Orange bugs on squash plants featured image

Seeing healthy squash plants can be satisfying when tending to your garden. But amid all the greenery, you might miss something—little orange bugs on your squash plants. Even though they’re small, they can tell you a lot about how well your garden is doing. In this article, we will talk about these orange bugs and how spotting them can help you take better care of your squash plants.

Whenever you spot these orange bugs, there is a high chance that they are squash vine borers or squash beetles (let me know if I miss an insect in this post). 

#1. Squash Vine Borers

The squash vine borer (Melittia cucurbitae) stands out due to its bright orange abdomen, making it one of the noticeable orange bugs on squash plants. This larval phase of the borer has a pale body with a striking orange belly, which becomes apparent when these larvae burrow into squash stems. Despite their exciting appearance, these larvae harm plants by munching on inner tissues, causing them to droop and suffer.

Read more: What Does It Mean When You See Orange Eggs On Leaves?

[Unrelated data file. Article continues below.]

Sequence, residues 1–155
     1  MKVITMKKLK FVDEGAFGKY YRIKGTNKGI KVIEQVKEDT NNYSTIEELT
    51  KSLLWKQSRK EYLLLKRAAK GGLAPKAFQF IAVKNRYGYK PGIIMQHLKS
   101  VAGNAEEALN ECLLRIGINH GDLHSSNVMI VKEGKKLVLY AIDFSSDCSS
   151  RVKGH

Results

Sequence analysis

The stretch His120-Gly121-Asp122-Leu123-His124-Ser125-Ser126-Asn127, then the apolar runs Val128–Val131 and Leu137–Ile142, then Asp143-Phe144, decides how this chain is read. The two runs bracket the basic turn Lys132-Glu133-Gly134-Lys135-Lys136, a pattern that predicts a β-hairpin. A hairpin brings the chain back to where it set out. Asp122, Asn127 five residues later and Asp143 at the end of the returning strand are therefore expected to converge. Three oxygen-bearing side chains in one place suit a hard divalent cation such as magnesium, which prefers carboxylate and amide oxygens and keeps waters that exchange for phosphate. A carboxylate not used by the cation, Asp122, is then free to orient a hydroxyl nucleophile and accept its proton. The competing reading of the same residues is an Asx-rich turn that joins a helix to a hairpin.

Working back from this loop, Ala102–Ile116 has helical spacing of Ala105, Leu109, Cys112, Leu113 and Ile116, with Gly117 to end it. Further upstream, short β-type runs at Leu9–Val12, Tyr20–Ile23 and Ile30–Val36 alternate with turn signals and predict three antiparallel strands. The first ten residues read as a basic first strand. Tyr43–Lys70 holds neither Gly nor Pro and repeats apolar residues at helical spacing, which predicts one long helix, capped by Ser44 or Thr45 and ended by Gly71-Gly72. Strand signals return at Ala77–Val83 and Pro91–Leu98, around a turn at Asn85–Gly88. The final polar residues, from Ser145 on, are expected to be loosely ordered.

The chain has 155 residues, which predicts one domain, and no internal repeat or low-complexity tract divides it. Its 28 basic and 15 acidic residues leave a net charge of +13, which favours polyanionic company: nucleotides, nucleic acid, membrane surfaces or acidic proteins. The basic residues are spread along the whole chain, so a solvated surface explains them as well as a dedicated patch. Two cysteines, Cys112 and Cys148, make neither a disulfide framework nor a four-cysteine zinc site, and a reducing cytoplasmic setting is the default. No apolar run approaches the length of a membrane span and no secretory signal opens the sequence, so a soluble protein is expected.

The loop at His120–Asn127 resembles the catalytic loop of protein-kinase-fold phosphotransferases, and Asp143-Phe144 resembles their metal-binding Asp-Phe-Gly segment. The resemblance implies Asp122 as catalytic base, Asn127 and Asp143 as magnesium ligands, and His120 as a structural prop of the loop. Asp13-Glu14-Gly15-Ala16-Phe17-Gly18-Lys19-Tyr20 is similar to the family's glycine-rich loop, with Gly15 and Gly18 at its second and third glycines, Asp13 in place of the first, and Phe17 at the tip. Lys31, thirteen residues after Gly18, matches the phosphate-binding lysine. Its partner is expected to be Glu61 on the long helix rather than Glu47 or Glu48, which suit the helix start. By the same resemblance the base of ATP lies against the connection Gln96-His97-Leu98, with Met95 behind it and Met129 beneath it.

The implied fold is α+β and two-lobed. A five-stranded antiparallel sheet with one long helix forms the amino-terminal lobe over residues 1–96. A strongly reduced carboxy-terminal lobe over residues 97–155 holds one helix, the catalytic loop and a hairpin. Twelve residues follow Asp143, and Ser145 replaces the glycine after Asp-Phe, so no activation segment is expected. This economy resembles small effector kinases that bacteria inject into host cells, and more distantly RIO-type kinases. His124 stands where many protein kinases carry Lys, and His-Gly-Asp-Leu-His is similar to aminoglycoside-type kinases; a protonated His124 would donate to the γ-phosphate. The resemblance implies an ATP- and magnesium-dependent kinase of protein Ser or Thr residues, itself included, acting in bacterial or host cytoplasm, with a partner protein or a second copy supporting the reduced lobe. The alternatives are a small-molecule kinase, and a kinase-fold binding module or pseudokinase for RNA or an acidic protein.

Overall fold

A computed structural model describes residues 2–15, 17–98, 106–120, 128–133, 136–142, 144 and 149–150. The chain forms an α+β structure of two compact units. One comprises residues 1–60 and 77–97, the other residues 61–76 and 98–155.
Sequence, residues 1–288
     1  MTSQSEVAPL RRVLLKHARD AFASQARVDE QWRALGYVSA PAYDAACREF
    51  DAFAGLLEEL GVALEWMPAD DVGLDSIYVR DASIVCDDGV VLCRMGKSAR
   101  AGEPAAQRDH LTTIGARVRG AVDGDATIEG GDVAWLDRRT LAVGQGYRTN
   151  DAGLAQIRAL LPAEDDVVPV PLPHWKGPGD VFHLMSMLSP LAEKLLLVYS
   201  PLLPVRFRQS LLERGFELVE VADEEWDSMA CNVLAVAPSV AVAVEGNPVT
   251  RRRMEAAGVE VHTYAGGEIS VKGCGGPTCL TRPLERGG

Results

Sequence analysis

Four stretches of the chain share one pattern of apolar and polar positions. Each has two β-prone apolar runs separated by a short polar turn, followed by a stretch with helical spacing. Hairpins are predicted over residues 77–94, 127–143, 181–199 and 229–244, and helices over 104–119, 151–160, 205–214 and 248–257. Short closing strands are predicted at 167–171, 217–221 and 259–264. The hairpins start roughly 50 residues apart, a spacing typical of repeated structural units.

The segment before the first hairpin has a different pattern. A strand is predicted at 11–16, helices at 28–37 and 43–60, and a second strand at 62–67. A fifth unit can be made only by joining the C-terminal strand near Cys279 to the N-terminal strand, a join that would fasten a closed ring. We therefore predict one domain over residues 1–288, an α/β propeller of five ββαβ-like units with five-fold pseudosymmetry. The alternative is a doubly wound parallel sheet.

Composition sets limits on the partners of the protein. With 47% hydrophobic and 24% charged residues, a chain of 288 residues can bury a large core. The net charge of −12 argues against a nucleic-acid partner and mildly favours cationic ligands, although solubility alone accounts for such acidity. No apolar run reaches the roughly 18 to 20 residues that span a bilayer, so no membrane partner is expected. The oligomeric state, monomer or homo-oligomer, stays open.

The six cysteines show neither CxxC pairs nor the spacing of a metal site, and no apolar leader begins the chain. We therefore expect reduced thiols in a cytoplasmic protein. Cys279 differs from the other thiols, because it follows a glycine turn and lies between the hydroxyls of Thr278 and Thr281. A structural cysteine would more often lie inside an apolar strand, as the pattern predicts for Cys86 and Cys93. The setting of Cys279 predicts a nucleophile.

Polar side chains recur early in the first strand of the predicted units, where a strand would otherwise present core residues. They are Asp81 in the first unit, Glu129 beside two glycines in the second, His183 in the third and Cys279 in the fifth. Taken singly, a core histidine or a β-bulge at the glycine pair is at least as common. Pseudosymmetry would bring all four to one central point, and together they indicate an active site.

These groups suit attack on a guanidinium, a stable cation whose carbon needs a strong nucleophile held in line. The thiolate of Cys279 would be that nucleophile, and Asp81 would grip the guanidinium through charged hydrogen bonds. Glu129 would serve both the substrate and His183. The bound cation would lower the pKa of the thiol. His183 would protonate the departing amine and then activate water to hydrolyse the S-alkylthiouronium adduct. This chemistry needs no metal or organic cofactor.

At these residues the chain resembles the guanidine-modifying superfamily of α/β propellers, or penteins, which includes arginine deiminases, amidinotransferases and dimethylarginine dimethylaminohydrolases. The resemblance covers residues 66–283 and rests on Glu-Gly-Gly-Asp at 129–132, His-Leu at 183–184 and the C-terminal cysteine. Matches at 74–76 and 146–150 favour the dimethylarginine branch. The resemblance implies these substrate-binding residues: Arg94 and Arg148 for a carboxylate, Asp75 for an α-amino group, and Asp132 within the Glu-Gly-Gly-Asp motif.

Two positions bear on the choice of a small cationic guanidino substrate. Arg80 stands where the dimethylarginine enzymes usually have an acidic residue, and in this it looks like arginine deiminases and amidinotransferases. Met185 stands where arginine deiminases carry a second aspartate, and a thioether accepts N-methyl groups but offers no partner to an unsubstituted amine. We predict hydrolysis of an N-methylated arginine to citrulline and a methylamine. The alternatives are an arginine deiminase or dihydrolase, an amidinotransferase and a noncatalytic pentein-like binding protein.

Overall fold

The unique orange abdomen of the squash vine borer helps us spot it easily, highlighting the need to accurately identify pests and find effective ways to protect squash crops from their harm.

Reference: Squash Vine Borer, Melittia cucurbitae | Wisconsin Horticulture Division Of Extension.

#2. Squash beetles

Squash beetles, or squash bugs (Anasa tristis), are sometimes found orange instead of their common grey color. These insects are part of the Hemiptera order and are easily identified by their distinct orange markings amidst their dark brown or black bodies.

Their vibrant orange accents, particularly on their wings and body edges, make squash beetles stand out against the green backdrop of squash plants. However, these eye-catching insects bring trouble to the garden. They use their specialized mouthparts to suck sap from squash plants, causing wilting, yellowing, and potentially harming the plant’s vitality.

The presence of squash beetles is a warning sign for potential damage to squash crops. Managing their population is crucial to maintaining plant health and productivity, as their feeding habits can hinder squash plants’ growth and overall well-being.

Reference: Squash beetle: Epilachna borealis By Jude Boucher, UConn Extension, 2014 | University Of Connecticut.


Have you ever wondered about those little orange bugs on your squash plants? They might seem unimportant, but they can tell much about your garden. This article explains why these bugs matter and how knowing more about them can help you take better care of your squash plants.

Is there anything that I miss out on in this post? Let me know in the comment section below or through emails! Here are my suggestions for your upcoming related reads on GreenHouseCenter:


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